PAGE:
In the last 10 years, Sarkodie, who also won the VGMA ‘Artiste of the Decade’ earlier in the year, has elevated his brand, his local language, his country and his business acumen, from the local setting to the international market, more than any other Ghanaian act ever. The interesting bit about all these is the fact that, he is doing all that on the wings of arts/entertainment.

Show the Arts Some Respect

In the last couple of months, commentaries from some well-placed individuals like Prof. Ransford Gyampo and Mustapha Hameed on the state of the arts and its stakeholders have been disheartening.

Their warped opinions on the arts and practitioners are repugnant and do nothing to aid an industry that also solves critical economic issues of employment and social related issues.

In this era, if you have supposed intelligent fellows like the Professor and politician demean and debase the arts, then we are doomed, hopeless in expecting anything better from persons who champion policies that are supposed to shape the nation.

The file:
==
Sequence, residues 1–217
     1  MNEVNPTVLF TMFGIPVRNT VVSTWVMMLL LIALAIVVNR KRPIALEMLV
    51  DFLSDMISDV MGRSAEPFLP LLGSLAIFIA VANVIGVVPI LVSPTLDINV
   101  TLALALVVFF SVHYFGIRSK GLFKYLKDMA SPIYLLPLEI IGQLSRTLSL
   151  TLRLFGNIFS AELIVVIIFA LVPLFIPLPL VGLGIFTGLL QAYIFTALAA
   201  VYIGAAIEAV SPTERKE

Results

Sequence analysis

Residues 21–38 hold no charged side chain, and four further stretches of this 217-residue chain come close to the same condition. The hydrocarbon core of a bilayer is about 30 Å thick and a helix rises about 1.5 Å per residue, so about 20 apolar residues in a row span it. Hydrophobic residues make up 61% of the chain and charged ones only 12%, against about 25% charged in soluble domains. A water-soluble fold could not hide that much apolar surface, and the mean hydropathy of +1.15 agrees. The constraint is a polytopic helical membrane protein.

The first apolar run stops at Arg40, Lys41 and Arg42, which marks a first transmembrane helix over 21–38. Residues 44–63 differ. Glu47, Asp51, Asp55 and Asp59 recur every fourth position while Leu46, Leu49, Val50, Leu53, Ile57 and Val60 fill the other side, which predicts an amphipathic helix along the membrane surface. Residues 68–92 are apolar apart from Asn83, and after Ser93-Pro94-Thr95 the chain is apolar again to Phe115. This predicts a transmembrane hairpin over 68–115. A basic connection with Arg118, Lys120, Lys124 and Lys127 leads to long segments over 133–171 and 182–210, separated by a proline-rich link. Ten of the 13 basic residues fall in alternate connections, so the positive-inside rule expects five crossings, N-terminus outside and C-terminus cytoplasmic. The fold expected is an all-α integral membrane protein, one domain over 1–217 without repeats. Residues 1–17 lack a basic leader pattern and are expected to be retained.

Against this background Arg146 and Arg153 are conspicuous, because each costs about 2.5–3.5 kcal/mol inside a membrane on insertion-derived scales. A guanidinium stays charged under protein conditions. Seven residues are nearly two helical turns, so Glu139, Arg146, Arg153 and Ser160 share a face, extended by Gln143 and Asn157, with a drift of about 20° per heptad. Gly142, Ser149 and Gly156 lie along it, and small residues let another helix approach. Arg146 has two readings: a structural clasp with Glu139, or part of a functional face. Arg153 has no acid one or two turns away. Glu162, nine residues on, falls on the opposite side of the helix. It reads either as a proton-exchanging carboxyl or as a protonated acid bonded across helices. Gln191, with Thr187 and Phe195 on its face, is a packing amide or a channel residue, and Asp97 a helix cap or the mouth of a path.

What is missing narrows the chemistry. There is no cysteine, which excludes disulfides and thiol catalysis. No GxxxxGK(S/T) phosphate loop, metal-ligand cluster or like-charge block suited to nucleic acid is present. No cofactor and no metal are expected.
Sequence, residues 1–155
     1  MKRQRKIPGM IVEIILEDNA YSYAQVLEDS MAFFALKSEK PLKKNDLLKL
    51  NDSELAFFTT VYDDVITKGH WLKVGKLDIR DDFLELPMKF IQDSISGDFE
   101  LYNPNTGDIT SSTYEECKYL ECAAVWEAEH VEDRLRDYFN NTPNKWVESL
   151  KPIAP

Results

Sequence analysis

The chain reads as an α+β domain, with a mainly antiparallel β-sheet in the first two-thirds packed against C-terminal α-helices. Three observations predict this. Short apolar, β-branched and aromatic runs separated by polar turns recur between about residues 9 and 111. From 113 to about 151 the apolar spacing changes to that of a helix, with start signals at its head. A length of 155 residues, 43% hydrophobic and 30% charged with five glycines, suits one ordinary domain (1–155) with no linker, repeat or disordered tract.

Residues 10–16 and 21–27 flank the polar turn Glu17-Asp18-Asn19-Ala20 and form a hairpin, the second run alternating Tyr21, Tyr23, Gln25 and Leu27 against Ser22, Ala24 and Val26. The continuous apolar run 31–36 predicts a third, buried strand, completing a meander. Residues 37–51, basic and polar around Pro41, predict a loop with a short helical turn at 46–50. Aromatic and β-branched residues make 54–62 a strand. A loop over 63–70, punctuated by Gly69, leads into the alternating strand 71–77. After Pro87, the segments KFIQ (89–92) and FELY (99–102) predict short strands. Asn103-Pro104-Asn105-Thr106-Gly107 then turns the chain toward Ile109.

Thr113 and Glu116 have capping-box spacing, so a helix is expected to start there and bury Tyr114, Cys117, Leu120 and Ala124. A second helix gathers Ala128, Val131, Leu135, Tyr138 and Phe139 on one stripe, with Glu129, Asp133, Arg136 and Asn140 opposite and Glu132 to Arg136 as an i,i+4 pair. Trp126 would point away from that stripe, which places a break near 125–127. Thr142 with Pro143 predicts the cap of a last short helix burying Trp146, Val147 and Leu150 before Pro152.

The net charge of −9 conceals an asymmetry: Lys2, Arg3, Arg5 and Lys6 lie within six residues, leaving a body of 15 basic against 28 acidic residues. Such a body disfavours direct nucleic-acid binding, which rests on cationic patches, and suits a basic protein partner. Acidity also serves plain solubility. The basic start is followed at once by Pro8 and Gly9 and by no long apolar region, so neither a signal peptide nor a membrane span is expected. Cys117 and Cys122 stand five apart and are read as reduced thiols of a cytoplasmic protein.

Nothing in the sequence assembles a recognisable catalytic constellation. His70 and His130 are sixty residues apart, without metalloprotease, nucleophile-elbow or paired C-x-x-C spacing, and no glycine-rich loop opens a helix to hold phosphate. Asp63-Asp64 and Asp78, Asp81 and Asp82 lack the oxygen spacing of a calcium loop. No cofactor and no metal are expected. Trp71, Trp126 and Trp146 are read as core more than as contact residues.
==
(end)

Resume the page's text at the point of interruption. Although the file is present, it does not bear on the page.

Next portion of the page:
In the face of such critics and dream-killers, we need to fight and reject such narratives against the arts and its players. We need to shift the paradigm and oppose such irrelevant views with sound arguments and records of how well the arts have done and still doing, more than a lot of that sectors that have had the attention and support over the years.

The denigration of the arts did not start with the likes of Hameed and co. It has been with us for quite a longtime and we are also to blame for such an outcome. Parents do not wish for their kids to tinker with the arts and pursue it as a profession, Politicians only find good use for the arts during political campaign seasons, Corporate Ghana are yet to exploit the full potential of the arts and the general perception of the arts by the populace is contrived.